Sunday, December 11, 2005

Photos of the fist computers


Secrets of ENIAC. Pretty photos of one of the first computers in the world - ENIAC.
The Electronic Numerical Integrator and Computer (ENIAC) was among the very first computers-some say it was the first, though there are competing claims. Built at Penn from 1942 to 1946, its work was the most prosaic imaginable: calculating missile ballistics and later helping with the design of the hydrogen bomb. Looking back from today, with every facet of society permeated by super-fast, ultra-miniaturized, all-but-invisible computers, the ENIAC seems ludicrously clunky and primitive. But this is where it all began.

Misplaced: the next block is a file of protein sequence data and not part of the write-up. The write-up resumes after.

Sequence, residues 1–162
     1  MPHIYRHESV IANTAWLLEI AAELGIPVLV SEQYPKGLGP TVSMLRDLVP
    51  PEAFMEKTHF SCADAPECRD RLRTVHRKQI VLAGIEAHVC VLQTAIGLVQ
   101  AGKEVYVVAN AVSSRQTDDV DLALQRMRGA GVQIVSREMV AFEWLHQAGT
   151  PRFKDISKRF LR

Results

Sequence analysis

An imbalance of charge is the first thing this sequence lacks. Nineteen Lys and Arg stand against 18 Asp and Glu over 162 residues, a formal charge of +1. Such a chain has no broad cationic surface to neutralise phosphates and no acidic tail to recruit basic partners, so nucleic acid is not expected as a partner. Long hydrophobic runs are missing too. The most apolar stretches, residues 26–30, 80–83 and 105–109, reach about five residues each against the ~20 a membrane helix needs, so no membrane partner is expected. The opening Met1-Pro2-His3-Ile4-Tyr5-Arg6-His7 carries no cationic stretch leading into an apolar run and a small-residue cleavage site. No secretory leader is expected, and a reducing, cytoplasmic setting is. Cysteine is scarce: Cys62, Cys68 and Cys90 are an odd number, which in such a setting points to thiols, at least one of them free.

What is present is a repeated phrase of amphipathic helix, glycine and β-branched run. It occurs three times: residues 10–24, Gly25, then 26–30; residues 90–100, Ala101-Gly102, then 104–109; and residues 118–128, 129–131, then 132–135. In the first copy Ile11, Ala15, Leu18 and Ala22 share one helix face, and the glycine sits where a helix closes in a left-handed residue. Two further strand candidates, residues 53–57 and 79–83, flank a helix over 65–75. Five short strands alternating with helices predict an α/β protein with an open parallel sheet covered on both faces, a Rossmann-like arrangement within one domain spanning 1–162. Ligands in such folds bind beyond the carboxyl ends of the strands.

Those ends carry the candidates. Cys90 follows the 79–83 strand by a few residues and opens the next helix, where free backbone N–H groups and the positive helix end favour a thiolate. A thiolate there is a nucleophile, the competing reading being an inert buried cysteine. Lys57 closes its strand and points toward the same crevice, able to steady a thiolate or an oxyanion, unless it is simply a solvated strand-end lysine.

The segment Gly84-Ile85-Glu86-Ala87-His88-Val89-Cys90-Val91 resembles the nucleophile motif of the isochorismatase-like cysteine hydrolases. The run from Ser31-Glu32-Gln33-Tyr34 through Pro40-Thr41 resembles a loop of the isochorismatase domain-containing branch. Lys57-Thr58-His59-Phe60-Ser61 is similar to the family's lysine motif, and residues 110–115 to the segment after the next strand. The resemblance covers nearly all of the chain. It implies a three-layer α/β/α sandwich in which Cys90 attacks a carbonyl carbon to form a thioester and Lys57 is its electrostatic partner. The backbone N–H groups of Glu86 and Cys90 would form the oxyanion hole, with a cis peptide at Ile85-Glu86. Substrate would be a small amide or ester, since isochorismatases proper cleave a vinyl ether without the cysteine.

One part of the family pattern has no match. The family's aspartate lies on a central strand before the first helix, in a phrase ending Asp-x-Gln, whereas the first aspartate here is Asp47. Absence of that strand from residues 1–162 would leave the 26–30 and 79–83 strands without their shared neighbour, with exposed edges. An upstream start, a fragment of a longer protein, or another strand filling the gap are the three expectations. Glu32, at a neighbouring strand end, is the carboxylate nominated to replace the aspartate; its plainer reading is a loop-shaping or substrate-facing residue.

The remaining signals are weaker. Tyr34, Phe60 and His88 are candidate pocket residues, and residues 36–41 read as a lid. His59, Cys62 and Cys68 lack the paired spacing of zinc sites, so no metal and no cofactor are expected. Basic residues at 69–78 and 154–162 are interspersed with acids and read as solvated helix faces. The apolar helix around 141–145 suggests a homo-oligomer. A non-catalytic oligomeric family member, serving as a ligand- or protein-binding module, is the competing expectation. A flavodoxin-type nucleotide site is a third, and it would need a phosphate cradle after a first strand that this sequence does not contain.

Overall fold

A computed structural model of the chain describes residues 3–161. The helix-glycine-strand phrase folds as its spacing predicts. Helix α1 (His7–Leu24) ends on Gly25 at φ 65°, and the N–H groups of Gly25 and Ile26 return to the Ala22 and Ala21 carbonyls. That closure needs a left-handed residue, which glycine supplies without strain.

On a more personal level, these images commemorate my family's connections to Penn in the mid-20th century, and with the group that developed the ENIAC in particular. Both of my mother's parents and two great uncles did their graduate work at Penn: my grandfather, Ralph Young, in the Economics department (where he later taught), my grandmother, Louise Young, in History, my great uncle, Chick Merwin, in Economics, and his brother, Dick Merwin, in the Moore School of Electrical Engineering, which later spawned the department of Computer and Information Science, on whose faculty I now serve.

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